Why does everyone insist on comparing America to Europe ?

Discussion in 'Politics, Religion, Social Issues' started by glocke12, Feb 29, 2012.

  1. glocke12 macrumors 6502a

    glocke12

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    #1
    One recurring theme I have noticed in these forums is the tendency to compare America to Europe/GB, and use Europe/GB as an example of "how things should be", as if these countries are perfect, crime free, and have no problems.

    For example, with the latest school shooting everyone is quick to "jump on the gun" and bash America and its gun culture and bring up Europe/GB as an example of "how things should be", with guns being either banned or more tightly controlled.

    Same thing goes for health care, taxes, gas prices, etc...Many people here hold up Europe/GB as prime examples of how things "should be".

    Fact is, America is an entirely different country, is an entirely different society/culture, and has a completely different history than "that other part of the world".
     
  2. Squadleader macrumors regular

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    #2

    Envy.....
     
  3. MorphingDragon macrumors 603

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    #3
    Poor people in Norway have a better quality of life than Middle class America.

    Think about that. :rolleyes:
     
  4. glocke12 thread starter macrumors 6502a

    glocke12

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    Oh please..thats the best you can come up with? So your saying someone who lives at the poverty level in Norway has better quality of life than someone in America who is making ~50k a year (with 50k being the median income of what is defined as middle class in America).

    In Norway, who is paying for that persons quality of life?

    ----------

    Also, if that is the case why are people not risking their lives to go live in Norway like they do to come to the US, and why do so many other people try to come to our country either legally or illegally if things are so much better in Europe/GB ?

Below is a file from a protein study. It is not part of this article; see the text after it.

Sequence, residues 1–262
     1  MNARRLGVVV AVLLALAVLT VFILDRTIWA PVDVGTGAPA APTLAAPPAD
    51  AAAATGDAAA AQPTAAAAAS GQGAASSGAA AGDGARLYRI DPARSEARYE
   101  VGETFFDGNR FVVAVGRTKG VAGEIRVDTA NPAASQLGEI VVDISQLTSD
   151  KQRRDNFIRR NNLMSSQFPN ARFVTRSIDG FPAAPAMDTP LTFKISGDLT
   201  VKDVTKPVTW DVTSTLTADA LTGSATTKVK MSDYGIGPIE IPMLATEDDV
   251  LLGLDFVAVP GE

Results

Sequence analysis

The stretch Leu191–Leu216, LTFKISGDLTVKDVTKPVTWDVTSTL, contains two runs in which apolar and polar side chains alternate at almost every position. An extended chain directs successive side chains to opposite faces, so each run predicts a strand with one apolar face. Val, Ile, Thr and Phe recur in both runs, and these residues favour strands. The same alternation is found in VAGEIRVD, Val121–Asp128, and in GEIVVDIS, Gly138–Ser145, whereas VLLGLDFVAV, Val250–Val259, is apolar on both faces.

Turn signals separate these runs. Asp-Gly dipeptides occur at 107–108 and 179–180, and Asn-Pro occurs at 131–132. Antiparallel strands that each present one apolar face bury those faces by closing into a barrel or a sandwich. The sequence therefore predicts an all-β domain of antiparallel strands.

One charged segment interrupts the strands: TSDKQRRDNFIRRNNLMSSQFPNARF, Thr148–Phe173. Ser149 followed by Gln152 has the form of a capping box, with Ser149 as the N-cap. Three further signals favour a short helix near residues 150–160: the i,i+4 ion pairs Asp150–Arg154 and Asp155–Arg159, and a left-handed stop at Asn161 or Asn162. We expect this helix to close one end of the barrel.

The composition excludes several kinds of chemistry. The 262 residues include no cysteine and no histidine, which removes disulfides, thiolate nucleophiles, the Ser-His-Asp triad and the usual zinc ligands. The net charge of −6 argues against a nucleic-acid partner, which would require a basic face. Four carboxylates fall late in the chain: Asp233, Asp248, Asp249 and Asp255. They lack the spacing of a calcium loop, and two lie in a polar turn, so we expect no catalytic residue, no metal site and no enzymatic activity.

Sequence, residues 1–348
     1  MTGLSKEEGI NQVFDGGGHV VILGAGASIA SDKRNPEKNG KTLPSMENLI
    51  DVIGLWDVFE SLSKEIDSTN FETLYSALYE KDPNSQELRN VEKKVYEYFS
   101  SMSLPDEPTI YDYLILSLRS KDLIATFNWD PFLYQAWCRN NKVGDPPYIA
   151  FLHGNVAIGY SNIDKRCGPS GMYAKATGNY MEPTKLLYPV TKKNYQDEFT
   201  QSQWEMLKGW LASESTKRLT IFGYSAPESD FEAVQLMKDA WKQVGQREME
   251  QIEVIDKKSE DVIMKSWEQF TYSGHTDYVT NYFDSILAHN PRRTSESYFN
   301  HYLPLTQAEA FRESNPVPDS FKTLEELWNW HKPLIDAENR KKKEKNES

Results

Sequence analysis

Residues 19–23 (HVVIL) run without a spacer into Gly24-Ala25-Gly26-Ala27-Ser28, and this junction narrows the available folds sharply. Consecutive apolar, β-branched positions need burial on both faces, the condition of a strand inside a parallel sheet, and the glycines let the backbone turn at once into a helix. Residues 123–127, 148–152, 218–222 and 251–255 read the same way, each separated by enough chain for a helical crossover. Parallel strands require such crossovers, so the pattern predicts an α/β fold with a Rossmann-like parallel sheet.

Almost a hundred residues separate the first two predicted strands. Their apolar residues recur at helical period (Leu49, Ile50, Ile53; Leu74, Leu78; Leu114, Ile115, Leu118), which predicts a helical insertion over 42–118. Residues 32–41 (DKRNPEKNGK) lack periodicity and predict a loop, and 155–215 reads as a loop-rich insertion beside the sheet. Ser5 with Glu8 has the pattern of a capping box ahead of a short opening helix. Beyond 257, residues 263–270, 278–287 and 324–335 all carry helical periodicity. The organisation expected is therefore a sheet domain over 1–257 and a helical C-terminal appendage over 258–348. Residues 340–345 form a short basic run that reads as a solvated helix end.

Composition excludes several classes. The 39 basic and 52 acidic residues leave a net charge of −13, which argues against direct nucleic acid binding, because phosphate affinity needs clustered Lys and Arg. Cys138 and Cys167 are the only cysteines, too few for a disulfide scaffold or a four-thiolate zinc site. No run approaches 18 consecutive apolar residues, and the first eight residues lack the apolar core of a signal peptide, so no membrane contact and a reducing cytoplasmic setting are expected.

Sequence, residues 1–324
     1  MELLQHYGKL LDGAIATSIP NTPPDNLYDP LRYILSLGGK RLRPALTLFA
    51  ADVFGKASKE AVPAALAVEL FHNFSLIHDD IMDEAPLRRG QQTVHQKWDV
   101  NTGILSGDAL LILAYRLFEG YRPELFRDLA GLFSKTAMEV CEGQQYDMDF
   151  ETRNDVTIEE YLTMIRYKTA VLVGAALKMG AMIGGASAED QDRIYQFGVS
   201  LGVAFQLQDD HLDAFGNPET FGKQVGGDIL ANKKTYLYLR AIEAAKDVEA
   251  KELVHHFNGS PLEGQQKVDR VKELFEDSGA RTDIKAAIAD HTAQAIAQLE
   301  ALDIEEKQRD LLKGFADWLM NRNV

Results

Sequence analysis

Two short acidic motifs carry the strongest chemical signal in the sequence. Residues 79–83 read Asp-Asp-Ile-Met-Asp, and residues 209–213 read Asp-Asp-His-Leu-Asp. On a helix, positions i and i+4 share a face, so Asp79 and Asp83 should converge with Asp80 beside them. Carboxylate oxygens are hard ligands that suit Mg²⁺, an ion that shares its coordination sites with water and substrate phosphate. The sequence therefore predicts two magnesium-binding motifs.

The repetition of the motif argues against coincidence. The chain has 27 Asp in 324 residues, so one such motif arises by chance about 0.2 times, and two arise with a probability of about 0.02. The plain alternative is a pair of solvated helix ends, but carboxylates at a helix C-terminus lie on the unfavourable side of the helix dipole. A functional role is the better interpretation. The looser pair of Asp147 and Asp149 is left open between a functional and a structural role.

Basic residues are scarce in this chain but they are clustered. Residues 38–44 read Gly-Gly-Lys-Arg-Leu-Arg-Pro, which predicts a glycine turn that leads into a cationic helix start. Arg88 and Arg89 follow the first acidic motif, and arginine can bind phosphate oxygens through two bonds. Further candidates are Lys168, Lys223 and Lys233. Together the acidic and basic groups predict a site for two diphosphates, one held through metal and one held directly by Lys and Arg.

5. MorphingDragon, Feb 29, 2012
    Last edited: Feb 29, 2012

    MorphingDragon macrumors 603

    MorphingDragon

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    Everyone.

    Because Norway borders Europe, not the Americas.
     
  6. Thomas Veil macrumors 68020

    Thomas Veil

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    People are people, no matter what part of the world they're in. They want the same things, mainly the happiness that comes from a government that works with and for them, instead of one that works with and for Wall Street. And you see more of the former in Europe.

    So yeah, envy.
     
  7. throAU, Feb 29, 2012
    Last edited: Feb 29, 2012

    throAU macrumors 601

    throAU

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    #7
    Probably because, given the typical state of geographical knowledge in the states, "Europe" is about the only "country" they know outside of the US, other than Iraq, Iran and Afghanistan (that they probably can't locate on a map).

    Europe encompasses a huge variety of countries, some similar to the US in terms of political leadership, and some completely and utterly different.

    It's like comparing, say, a tomato to "fruit". Or say, a Dodge Nitro to "a car".
     
  8. niuniu macrumors 68020

    niuniu

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    #8
    Which European countries have you actually lived in for a considerable period of time OP?
     
  9. throAU macrumors 601